Friday, January 11, 2008

Here I Am Moe

Over on Rory's blog (Chiron), the subject of expectations in a fight came up, and Rory made some excellent points. I asked a follow-up question, and it's only fair that I offer my thoughts on how to address things from the silat perspective. Rather than clog his blog, I'll do it here.

Silat, as we practice it, is a positional art. Being in the right place at the right time is better, we believe, than having a hard punch and a killer sidekick.

Range varies, and there are all manner of ways to divvy them up. In unarmed combat, these tend to be broken down into four distances -- kicking, punching, elbow, and grappling, from longest to shortest. In armed single combat, there are many more: rifle, pistol, shotgun, spear, sword, knife ...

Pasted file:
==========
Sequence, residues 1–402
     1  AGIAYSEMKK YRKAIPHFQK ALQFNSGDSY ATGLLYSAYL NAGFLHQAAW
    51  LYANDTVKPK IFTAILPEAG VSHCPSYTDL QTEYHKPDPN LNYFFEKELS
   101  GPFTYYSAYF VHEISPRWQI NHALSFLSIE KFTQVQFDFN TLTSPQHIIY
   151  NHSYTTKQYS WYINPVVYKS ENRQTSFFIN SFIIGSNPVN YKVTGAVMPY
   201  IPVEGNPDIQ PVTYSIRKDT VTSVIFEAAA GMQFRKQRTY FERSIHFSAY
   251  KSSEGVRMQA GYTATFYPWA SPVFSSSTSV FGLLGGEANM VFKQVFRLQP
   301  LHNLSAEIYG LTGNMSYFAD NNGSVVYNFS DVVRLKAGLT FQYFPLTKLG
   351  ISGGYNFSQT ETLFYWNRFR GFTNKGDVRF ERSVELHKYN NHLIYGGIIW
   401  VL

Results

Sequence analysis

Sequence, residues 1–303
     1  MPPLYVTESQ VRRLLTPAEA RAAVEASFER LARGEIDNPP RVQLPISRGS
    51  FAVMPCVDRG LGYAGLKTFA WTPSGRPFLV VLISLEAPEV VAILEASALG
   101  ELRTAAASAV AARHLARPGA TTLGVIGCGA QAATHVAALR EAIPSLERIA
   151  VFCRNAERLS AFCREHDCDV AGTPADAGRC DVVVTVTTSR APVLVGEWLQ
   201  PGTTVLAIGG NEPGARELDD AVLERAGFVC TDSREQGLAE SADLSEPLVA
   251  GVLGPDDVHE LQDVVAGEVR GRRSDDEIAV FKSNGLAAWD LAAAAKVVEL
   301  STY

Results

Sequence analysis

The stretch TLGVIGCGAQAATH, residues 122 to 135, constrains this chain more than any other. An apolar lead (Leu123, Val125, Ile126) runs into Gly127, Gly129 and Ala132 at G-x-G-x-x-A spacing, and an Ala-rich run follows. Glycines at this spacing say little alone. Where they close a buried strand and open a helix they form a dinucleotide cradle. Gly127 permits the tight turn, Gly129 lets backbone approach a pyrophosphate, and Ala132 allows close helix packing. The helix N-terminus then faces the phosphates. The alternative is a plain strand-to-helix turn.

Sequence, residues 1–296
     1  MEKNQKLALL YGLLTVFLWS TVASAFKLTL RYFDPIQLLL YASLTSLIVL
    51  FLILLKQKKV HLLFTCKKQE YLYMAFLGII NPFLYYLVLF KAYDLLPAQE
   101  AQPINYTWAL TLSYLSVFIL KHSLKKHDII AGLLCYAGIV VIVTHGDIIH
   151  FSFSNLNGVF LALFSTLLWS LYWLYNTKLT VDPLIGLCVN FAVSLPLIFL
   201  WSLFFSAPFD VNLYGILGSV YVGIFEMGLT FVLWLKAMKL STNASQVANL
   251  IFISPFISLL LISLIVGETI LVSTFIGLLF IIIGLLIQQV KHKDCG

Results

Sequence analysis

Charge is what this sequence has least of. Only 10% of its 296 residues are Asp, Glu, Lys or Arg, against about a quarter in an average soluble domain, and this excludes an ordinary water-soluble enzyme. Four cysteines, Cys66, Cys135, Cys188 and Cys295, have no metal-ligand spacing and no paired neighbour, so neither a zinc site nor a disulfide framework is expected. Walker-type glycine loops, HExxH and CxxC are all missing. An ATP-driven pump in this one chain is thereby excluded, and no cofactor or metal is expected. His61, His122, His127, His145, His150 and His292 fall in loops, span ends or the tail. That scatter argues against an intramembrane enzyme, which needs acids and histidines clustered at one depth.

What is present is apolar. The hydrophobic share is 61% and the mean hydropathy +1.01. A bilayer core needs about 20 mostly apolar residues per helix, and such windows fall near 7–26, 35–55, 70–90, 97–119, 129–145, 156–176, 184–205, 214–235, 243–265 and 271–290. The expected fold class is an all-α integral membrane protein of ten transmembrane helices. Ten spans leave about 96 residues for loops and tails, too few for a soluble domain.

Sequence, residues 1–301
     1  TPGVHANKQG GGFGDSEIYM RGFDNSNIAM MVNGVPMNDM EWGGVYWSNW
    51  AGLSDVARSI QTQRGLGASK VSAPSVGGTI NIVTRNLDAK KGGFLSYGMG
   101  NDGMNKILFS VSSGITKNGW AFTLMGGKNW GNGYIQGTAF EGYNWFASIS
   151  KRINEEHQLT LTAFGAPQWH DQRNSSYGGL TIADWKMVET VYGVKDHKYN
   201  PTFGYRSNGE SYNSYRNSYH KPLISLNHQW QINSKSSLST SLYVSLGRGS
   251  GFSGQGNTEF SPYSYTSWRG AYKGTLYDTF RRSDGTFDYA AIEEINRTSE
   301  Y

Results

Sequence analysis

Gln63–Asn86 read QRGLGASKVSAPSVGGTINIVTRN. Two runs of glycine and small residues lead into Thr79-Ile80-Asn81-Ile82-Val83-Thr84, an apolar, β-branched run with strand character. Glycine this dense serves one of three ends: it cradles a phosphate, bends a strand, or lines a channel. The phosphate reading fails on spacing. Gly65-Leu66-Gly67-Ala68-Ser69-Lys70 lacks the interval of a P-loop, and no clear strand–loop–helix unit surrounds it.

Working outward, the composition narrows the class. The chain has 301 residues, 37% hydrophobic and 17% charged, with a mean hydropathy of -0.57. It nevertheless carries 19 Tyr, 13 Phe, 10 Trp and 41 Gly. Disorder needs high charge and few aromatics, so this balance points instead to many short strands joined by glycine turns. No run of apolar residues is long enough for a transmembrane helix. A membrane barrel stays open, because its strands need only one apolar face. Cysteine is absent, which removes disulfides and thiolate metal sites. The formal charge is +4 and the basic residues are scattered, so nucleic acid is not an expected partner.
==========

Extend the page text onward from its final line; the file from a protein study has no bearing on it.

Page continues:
For us, what is paramount are the same three things most valuable in a small business: Location, location, and --

-- yep, location ...

What this essentially means is that we believe the person who controls the position, (of which distance and timing are an integral part), that person has the advantage. (There is a good study of how people come up with various maps of distance, and what constitutes personal space in the recent pop neurological book, The Body Has a Mind of Its Own, which is worth a read.)

Having the advantage doesn't make you bulletproof, you could still get your ass kicked, but better to have it than not.

So, how do we approach this? Well, a big part involves being proactive instead of reactive.
What the attacker wants to do isn't nearly as important to me as what I want to -- and can -- do.